Wednesday, September 30, 2009

Resource Spotlight: Ancestry, Library Edition

Available only in the library, Ancestry (Library Edition) is an invaluable resource to beginning genealogists and a starting point for more advanced genealogists. According to their website:
The Ancestry Library Edition collection has approximately 4,000 databases including key collections such as U.S. Federal Census images and indexes from 1790 to 1930; the Map Center containing more than 1,000 historical maps; American Genealogical Biographical Index (over 200 volumes); Daughters of the American Revolution Lineage (over 150 volumes); The Great Migration Begins: Immigrants to New England, 1620-1630; Social Security Death Index (updated monthly); WWI Draft Registration Cards; Federal Slave Narratives; and a strong Civil War collection. Ancestry Library Edition updates continually, with more indexes and original images added all the time.
My favorite part of Ancestry is the print outs you can get of the census records--no more flipping through microfilm for me! If you would like a "behind the scenes" pdf that they give to librarians to show us how to search check out Proquest's Product tour sheet.

Monday, September 28, 2009

From Books to Movies (or T.V.)

Last night I watched the movie Holes for the first time and I wished I had read the book first because I'm kind of a stickler for reading the book before I see the movie. If you're like me, then you'll want to read these books before you see the movie or, in one case, the t.v. show.

by Robert J. Sawyer
While pursuing an elusive nuclear particle, an experiment veers off course and for a few moments, the consciousness of the entire human race is thrown forward about twenty years, giving everyone a glimpse of their own future.
Now a show on ABC.

My Sister's Keeper
by Jodi Picoult
Conceived to provide a bone marrow match for her leukemia-stricken sister, teenage Kate begins to question her moral obligations in light of countless medical procedures and decides to fight for the right to make decisions about her own body.

The Time Traveler's Wife
by Audrey Niffenegger
Caught in an impossible-to-resolve situation that spans the boundaries of temporal reality, this tale of a plucky librarian who is accidentally cast back in time focuses on the romantic complications of time travel.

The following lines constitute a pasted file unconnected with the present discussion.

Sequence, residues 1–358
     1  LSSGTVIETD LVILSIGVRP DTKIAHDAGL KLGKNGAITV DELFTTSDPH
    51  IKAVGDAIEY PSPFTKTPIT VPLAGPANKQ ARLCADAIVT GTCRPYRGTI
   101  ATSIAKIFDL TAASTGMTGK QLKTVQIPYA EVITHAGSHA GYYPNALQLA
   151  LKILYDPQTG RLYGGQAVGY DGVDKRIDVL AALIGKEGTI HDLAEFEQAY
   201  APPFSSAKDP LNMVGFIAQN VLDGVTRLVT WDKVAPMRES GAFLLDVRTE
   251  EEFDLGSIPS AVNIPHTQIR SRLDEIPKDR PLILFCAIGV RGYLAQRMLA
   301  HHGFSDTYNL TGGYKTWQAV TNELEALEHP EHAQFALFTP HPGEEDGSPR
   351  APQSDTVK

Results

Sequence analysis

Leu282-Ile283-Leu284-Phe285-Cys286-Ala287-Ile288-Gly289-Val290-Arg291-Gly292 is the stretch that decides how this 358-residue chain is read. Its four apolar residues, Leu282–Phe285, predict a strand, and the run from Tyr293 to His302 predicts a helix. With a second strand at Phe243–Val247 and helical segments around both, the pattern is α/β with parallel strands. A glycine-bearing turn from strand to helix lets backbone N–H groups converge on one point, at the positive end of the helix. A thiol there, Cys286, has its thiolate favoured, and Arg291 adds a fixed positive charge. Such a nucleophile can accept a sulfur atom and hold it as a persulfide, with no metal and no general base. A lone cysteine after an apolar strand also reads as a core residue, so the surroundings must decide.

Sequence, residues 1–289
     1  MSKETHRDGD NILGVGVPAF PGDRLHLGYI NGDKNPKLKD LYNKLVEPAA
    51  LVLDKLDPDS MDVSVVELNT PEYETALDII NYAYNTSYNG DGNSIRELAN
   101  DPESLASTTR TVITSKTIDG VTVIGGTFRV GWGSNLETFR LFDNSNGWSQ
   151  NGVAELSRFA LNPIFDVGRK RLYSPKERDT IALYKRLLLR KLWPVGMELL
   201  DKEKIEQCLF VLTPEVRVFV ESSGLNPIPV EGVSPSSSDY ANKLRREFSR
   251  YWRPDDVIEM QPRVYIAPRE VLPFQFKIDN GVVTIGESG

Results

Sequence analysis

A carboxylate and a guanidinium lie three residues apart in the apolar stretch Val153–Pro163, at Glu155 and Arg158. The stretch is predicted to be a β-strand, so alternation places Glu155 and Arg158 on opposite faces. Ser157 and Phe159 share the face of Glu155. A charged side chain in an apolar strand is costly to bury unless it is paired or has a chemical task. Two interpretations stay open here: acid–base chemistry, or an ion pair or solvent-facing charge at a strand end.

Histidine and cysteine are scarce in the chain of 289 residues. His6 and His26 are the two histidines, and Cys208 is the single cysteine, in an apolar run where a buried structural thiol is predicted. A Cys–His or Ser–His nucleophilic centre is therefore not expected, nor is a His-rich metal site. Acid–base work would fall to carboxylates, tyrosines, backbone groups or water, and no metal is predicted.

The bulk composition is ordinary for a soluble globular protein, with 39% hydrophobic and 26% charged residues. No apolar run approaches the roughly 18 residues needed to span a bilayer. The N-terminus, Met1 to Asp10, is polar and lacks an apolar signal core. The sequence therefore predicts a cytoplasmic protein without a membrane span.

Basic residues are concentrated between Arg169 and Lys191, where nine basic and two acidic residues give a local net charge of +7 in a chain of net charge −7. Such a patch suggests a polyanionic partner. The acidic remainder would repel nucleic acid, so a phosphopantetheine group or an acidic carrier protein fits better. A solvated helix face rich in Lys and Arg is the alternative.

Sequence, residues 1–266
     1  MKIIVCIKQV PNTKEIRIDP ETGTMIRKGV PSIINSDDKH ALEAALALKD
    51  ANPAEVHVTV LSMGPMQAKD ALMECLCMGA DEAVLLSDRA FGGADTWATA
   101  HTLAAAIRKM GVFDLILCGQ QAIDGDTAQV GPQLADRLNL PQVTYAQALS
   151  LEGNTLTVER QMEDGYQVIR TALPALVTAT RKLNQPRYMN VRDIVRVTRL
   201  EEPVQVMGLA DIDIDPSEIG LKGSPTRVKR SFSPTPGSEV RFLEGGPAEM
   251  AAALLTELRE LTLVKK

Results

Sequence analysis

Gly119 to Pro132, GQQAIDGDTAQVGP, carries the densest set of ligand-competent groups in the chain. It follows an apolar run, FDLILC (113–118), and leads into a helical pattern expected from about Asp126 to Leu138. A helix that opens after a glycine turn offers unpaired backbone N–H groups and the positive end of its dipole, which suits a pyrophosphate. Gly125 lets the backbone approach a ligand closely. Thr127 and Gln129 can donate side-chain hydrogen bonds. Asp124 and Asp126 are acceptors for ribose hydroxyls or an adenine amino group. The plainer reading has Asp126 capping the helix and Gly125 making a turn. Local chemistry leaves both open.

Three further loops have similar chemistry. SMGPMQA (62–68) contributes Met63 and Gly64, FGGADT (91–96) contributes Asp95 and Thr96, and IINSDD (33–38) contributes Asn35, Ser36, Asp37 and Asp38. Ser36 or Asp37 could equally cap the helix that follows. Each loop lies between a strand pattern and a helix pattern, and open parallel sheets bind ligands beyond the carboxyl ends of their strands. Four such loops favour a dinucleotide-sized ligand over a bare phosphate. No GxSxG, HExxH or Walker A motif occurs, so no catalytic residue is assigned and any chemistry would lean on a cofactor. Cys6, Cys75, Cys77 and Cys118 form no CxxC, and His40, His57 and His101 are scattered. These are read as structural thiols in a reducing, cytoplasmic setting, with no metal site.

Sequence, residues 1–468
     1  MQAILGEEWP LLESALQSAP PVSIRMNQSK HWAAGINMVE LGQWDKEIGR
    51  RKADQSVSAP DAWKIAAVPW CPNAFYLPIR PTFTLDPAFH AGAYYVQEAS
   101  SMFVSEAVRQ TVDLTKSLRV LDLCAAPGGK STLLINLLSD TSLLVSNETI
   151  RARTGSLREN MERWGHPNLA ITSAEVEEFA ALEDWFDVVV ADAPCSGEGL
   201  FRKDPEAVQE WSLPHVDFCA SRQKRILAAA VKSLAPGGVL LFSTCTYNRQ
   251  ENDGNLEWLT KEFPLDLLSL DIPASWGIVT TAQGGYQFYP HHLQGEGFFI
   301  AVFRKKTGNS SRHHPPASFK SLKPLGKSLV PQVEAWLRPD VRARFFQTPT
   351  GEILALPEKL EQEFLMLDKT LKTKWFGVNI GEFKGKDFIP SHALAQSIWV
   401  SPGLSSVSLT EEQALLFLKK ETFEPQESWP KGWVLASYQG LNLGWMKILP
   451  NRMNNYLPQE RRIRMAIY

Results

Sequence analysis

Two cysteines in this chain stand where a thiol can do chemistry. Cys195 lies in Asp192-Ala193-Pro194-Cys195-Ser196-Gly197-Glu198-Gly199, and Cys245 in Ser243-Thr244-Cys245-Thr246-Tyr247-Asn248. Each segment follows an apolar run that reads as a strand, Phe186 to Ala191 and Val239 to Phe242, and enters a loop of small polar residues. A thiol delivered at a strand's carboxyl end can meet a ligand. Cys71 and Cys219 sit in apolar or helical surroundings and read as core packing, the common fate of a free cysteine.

Julie and Julia
by Julie Powell
The author recounts how she escaped the doldrums of an unpromising career by mastering every recipe in Julia Child's 1961 classic, "Mastering the Art of French Cooking," a year-long endeavor that transformed her life.

Public Enemies
by Brian Burrough
An analysis of Depression-era bank robbery and its most notorious figures discusses the factors that influenced the period's crime rates, the formation and early work of the FBI, and the contributions of J. Edgar Hoover.

by Sapphire
A courageous and determined young teacher opens up a new world of hope and redemption for sixteen-year-old Precious Jones, an abused young African-American girl living in Harlem, raped and left pregnant by her father.

Tuesday, September 22, 2009

Deweying it by the Numbers: 500s

I had a gentleman of about 10 or 11 years old come to me during our Sunday hours at our Southeast Branch with a serious question: "Can you tell me where the books about black holes are?" It turns out, he knew more about black holes than any children's book would show him, but he still wanted pictures of black holes. We ended up finding a couple in more general books in our 500s section--the sciences. He blew me away with his knowledge: that black holes are portals to the other side of the galaxy, that there is a black hole in the center of our galaxy, that there are different types of matter but he personally doesn't believe in the dark matter theory...

For this person, the books about science opened up a realm of possibilities. Sure he could have chosen the more useful books in the 500s on geometry, or different types of insects, or how the weather works. But he chose the more fantastical side of science last weekend, and for that I thank him for the best conversation I've ever had about science. In his honor, I now present to you my favorite books on the subject of black holes and the universe:

Monday, September 21, 2009

Public invited to vote for Best of National Book Award winner

For the first time ever, the public is being asked to help vote for a National Book Award winner. The award is for the Best of the National Book Award, which will help celebrate the 60th Anniversary of the National Book Award. Entrants who provide an email address will have the chance to win 2 tickets to the National Book Award ceremony, as well as hotel accommodations.